As with all actions promoting and maintaining health and preventing disease, genetics services in a particular community must define their objectives and methods according to the local epidemiology, need assessments, demands of the population, health system infrastructure and budget.
The occurrence of congenital disorders and genetic diseases in a population, with its share of ill health, suffering and premature death, prompts the need for actions and services to treat the affected and prevent the occurrence of these conditions in the community.
In the past three decades, a number of interventions aimed at the early detection, prevention and care of health problems caused by genetic factors have been implemented in high-income countries. These developments have been facilitated by new or improved diagnostic technologies. In contrast, low- and middle-income countries have been behind in their implementation of public policies for the care and prevention of congenital disorders (WHO 2006).
The need and relevance for genetics services, therefore, has to be weighed in its priority and scope with the many other needs for curative and preventive health services in a particular population. In addition, the need may not be perceived until new knowledge and technologies appear to address the issues that congenital disorders and genetic diseases pose to individuals and society. Policy- makers and society at large then face decisions to invest resources in addressing that need. This, as with many state policies, has been the history of development of genetics services at community level. Key examples are the care and prevention of thalassaemia in the Mediterranean region (Angastiniotis & Hadjiminas, 1981), the development of a prevention programme for haemoglobinopathies in Bahrain (Al Arrayed, 2005), the development of prenatal diagnosis in Iran, and the establishment of treatment centres for Gaucher disease in Brazil.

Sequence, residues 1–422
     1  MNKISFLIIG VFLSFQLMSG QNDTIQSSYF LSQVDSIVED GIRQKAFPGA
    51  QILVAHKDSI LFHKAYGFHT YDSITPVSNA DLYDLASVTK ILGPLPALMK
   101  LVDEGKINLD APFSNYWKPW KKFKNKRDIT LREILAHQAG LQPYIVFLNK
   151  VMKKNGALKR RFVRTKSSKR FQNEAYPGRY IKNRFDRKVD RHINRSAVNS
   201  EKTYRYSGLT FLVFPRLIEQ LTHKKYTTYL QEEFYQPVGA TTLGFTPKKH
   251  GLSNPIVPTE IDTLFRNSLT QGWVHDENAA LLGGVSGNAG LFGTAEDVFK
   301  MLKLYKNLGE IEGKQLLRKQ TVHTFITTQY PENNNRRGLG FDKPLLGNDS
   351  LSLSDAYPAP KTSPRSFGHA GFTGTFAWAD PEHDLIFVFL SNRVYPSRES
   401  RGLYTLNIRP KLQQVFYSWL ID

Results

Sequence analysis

The need for genetics services in a community is established when:
- epidemiology demonstrates that a congenital disorder or a genetic disease imposes a significant burden to the community, either because of its prevalence or severity or both;
- the community perceives that the congenital disorder or genetic disease is a burden and requests care and preventive services;
- the development of medical technology allows cost-efficient preventive and therapeutic curative
Congenital disorders (birth defects) are structural or functional abnormalities, which are present from birth, whether recognized at birth or later and constitute a major health problem worldwide
(Christianson et al., 2006; WHO 2006; World Health Assembly Resolution WHA63.17, 2010). Studies of the birth prevalence of “severe” congenital disorders that are either lethal or cause lifelong impairment if untreated, indicate that, of the six WHO regions, the highest rate was reported in the Eastern Mediterranean region with >65 affected children/1 000 live births. (Alwan & Modell, 2003). These figures are supported by the recent global report of the March of Dimes which estimated the prevalence of birth defects to be >69.9/1 000 live births in most WHO Eastern Mediterranean countries, in contrast to <52.1/1 000 live births in Europe, North America and Australia (Christianson, Howson & Modell, 2006).
Contributing factors could include (Hamamy & Alwan, 1994; Modell & Kuliev, 1998; Khneisser et al., 2007; Lindner et al., 2007):
- general low availability of public health measures directed at the care and prevention of congenital disorders and the dearth of genetics services and inadequate health care prior to and during pregnancy;